Sharing the Relational Load

JOELby Joel Comiskey

I remember a conversation with a cell leader at a church I was coaching in southern California. He was wrestling with guilt over not being able to spend individual time with members of his cell group apart from the actual cell meeting and celebration time. This leader had a fulltime job and a young family. As we talked, I reminded him that he should not feel like he needs to develop all of the relationships in the group. I said to him, “Your cell members are equally responsible to develop relationships. In fact, perhaps more so, because they don’t have the additional job of leading, like you do.”

But how do you get members to share the relational load? One way is to encourage cell members to meet together during the week in gender specific sub groups for mutual encouragement, like Neil Cole teaches in his book, Cultivating a Life for God. Cole recommends that these relational sub-groups hold each other accountable by using questions patterned after John Wesley’s 18th Century bands:

  • What is the condition of your soul?
  • What sin do you need to confess?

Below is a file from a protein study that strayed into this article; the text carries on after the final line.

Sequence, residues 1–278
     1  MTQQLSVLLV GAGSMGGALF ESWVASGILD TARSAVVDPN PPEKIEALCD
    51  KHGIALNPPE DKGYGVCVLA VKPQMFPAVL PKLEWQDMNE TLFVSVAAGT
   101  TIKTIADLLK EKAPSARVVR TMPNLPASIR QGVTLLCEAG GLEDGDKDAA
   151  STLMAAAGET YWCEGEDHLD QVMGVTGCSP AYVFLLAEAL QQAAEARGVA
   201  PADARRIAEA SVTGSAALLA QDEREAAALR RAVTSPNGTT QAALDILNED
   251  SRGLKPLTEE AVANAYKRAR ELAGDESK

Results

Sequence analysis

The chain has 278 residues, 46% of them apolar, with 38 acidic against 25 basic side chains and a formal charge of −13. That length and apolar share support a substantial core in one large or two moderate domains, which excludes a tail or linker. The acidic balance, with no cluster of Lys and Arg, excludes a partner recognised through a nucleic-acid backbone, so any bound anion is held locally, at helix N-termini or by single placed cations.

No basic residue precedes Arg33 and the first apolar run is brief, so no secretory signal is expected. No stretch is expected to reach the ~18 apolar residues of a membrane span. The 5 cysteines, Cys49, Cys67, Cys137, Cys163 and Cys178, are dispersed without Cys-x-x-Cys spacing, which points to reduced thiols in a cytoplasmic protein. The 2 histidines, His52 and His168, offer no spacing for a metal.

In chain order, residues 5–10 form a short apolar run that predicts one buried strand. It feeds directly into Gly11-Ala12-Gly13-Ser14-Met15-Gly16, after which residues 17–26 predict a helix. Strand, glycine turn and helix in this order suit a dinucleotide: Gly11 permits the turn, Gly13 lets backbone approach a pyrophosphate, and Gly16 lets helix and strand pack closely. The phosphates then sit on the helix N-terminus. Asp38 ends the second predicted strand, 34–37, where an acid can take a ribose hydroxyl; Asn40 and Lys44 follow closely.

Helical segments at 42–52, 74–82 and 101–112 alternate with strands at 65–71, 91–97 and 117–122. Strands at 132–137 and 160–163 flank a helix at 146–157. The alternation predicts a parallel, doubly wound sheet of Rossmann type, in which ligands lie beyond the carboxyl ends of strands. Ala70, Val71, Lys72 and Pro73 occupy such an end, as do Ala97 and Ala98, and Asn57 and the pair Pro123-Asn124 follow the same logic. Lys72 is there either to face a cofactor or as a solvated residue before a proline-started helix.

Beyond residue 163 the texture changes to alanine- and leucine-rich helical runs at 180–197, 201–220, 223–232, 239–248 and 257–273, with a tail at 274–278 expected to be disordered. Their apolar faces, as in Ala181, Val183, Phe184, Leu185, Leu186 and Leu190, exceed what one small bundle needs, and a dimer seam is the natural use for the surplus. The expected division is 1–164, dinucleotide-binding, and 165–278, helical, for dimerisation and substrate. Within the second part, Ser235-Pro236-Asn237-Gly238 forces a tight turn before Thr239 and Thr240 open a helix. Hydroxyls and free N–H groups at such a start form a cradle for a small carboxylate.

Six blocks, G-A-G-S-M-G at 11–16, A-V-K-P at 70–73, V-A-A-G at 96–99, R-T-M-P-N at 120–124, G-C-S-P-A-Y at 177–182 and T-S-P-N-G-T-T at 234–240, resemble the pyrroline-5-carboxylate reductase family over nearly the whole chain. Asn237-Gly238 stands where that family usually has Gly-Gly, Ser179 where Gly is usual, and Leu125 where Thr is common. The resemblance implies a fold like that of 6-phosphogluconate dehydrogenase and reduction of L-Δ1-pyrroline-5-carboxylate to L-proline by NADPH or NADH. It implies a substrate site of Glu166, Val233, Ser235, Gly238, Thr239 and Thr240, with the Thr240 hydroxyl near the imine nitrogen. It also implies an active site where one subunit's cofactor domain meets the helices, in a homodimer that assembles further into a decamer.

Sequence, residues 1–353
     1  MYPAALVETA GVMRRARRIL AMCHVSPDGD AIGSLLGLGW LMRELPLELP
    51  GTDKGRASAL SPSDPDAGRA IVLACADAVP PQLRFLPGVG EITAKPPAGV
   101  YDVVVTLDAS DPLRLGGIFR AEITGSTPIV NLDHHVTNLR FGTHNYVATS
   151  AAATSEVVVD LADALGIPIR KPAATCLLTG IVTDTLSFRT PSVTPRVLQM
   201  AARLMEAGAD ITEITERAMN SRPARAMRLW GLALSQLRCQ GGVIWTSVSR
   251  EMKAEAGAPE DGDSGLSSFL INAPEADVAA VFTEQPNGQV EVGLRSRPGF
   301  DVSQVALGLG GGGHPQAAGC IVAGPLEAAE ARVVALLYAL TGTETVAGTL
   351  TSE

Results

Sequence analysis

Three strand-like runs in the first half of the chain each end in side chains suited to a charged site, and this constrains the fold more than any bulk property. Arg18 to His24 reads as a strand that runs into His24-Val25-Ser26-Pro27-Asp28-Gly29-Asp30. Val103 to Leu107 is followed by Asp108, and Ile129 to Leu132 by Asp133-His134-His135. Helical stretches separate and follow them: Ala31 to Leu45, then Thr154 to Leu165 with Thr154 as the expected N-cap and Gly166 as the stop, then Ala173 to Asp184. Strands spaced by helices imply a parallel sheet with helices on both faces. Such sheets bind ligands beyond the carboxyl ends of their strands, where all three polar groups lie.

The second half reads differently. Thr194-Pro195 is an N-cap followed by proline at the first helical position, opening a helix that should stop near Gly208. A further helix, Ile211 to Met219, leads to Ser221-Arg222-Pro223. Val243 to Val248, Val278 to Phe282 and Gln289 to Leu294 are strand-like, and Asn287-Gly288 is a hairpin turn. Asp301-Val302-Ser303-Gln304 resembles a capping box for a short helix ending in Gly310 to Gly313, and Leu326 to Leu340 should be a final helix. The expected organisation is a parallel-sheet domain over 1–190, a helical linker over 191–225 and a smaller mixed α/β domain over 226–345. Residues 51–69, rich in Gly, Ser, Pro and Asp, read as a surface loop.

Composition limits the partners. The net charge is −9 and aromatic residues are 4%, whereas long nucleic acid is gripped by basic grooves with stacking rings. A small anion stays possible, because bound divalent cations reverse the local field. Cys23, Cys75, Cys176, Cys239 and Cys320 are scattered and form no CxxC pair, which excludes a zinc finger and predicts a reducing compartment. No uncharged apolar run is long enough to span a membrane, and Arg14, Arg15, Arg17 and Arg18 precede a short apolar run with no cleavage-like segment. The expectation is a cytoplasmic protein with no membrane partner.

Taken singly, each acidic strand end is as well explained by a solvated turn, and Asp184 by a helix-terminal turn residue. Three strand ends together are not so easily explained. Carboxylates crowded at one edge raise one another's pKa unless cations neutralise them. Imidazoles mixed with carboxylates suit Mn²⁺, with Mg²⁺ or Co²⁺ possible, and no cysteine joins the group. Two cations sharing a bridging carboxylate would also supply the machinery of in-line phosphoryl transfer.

• What have you held back from God that you need to surrender?
  • Is there anything that has dampened your zeal for Christ?
  • Who have you talked with about Christ this week? (For a complete list of Wesley’s questions, go here)

Other ideas to stimulate interaction among cell members include:

  • Rotating from house to house to get to know each other better
  • Developing a prayer chain among members
  • Exchanging phone numbers, emails, facebook, etc.
  • Hanging out together during the celebration service
  • Encouraging gathering together for sports, picnics, etc.

Perhaps you have some additional ideas? The key is to share the relational load among cell members.

Joel

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